During the months leading up to the March 20 announcement, Anne went through cycles during which she would obsessively clean the house. She rose earlier than usual and went to bed later, and when she was up, she was usually so loud that I couldn't read. It is hard to know the exact timing of her decision-making, but it would appear that she went through hypomanic cycles while thinking that the house should be spruced up for sale and cleaned for viewing by potential buyers. A separate hypomanic cycle seemed to be related to an obsessive period of concern about her physical appearance, which was related to cataract surgery and new glasses. I think that could have been part of an unspoken plan to move away and begin a new identity. She currently seems to have started a new hypomanic phase, in which she is obsessively sorting through all of her possessions even though she may not be moving for several months.

Since I will soon be out of the picture, I have communicated with Anne's psychiatrist and her children. None of them expressed any agreement with my statements, but in my view I have adequately warned the children that Anne may have more serious episodes in the future, and it will be their responsibility to assist her, not mine.

My primary reaction to Anne's recent behavior is that, though I can deal with it and am doing so, she has acted in an offensive and socially unacceptable manner and has not apologized or acknowledged any wrongdoing. I think that this is the most appalling action that I've been subjected to in my entire life. I realize that she is behaving in a self-protective manner because that is the only way that she is able to deal with this situation, but she also has accountability to others who will never forgive her. It seems possible that she is unwittingly benefitting from the female victim narrative that became part of American culture in the 1970's. In that context, not much explanation is required by a woman when she breaks up with a man, because the assumption is always that the man was a jerk and was mistreating her. The feminist view simplistically makes no allowance for the possibility that the woman herself may be a female version of Hannibal Lecter.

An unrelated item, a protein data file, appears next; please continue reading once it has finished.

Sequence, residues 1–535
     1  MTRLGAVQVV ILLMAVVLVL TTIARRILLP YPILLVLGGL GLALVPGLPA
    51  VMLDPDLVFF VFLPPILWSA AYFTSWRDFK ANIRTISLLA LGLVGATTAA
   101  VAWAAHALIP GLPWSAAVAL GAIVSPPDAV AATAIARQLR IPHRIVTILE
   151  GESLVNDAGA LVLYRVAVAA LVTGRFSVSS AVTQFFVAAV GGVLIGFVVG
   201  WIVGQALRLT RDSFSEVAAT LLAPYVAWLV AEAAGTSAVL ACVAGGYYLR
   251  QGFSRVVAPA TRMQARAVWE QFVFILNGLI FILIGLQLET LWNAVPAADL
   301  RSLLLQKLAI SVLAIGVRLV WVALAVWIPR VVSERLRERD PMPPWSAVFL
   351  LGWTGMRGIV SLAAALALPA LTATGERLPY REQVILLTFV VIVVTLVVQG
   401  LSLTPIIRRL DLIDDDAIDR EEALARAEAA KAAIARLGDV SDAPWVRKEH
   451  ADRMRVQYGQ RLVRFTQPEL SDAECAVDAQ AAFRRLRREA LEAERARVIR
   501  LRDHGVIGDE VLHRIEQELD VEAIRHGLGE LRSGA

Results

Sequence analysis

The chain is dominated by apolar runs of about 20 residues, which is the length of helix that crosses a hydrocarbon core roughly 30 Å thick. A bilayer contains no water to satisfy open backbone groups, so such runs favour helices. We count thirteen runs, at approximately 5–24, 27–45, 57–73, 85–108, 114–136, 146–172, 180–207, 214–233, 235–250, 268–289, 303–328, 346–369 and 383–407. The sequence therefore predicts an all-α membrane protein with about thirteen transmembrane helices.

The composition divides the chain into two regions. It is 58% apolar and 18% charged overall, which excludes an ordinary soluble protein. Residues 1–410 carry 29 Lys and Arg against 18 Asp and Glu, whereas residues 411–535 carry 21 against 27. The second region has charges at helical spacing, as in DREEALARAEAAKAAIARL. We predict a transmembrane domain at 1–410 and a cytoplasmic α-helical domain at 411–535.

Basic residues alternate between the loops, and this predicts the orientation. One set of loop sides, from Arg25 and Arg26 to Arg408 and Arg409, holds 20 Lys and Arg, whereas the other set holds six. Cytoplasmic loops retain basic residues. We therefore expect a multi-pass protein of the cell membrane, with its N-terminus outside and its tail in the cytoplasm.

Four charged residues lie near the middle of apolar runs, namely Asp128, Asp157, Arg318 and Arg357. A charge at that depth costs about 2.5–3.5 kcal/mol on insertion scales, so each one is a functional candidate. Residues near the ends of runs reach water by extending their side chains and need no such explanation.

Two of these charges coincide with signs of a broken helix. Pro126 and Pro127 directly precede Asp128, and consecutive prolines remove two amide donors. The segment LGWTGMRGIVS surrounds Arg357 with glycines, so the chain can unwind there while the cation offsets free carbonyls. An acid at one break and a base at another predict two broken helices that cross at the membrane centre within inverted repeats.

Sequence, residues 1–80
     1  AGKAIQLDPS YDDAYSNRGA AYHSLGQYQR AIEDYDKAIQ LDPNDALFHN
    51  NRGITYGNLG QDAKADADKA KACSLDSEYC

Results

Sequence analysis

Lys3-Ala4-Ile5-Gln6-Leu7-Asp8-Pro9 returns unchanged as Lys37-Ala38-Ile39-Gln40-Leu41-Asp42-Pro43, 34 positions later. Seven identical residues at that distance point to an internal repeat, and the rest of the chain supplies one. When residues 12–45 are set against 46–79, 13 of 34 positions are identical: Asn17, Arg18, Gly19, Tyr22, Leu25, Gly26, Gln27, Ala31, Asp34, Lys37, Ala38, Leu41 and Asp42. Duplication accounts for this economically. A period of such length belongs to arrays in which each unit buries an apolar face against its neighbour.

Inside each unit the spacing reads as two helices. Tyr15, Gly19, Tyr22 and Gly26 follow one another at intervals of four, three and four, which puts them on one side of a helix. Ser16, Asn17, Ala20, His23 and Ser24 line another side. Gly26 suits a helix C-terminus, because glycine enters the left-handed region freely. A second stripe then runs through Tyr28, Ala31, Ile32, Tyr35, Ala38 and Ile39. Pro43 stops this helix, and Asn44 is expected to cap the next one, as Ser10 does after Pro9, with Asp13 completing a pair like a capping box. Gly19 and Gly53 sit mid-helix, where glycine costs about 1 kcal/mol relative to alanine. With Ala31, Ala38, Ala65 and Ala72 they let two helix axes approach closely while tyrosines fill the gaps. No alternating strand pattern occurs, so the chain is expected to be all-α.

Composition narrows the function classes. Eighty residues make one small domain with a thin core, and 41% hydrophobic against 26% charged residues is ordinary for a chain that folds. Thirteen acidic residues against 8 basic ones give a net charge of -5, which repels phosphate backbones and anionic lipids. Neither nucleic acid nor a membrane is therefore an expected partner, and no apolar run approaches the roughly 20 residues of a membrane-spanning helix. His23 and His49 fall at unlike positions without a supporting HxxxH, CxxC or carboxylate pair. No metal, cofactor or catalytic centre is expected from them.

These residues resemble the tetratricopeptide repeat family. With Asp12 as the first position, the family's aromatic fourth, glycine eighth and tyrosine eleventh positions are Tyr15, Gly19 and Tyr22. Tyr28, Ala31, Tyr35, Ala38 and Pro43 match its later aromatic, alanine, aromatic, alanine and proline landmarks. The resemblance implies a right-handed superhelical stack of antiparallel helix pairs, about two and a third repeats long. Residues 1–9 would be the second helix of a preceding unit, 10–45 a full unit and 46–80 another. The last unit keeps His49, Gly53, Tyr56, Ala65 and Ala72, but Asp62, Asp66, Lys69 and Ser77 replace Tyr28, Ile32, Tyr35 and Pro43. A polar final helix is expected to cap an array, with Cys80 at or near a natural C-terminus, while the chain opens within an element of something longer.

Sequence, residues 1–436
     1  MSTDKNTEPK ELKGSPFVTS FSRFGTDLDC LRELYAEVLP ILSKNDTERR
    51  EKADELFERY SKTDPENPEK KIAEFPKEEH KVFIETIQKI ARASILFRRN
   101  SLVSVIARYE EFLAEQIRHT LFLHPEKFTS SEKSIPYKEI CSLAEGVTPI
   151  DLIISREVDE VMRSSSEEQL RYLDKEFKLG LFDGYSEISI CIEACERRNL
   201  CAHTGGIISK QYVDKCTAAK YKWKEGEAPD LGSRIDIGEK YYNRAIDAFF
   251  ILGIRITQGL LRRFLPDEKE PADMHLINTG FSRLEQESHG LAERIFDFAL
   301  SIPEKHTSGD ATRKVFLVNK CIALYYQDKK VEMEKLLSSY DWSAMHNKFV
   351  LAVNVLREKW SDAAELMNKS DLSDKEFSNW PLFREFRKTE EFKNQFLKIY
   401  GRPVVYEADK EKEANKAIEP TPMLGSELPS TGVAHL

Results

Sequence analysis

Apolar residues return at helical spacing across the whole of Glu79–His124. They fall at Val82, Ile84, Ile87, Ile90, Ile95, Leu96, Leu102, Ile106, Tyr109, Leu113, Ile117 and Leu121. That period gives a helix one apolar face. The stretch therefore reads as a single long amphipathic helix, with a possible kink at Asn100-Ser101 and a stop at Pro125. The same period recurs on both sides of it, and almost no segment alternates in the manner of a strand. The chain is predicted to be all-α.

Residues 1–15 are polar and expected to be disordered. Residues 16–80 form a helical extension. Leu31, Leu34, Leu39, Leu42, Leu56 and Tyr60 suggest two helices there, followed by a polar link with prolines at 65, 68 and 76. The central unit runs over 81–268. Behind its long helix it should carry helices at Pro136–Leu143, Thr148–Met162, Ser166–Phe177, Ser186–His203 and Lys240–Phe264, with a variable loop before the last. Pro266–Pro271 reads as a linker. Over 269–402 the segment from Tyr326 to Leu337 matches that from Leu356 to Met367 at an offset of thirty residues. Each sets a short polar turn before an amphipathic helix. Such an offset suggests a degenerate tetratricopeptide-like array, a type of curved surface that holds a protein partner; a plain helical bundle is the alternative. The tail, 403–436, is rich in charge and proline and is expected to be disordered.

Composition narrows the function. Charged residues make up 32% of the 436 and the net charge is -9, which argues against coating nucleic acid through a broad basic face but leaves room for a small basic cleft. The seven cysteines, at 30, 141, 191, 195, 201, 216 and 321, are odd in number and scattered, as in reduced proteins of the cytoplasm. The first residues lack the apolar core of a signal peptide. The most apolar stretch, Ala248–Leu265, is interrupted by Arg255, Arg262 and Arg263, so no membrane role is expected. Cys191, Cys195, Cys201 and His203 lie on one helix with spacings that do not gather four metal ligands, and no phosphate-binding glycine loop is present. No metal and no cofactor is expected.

I know Anne as well as anyone, and I am certain that she will be in contact with me in the future and attempt to interact with me as if nothing happened. I am not holding a grudge, because I know her limitations. I am changing my focus to finding a new companion who is more stable and less problematic.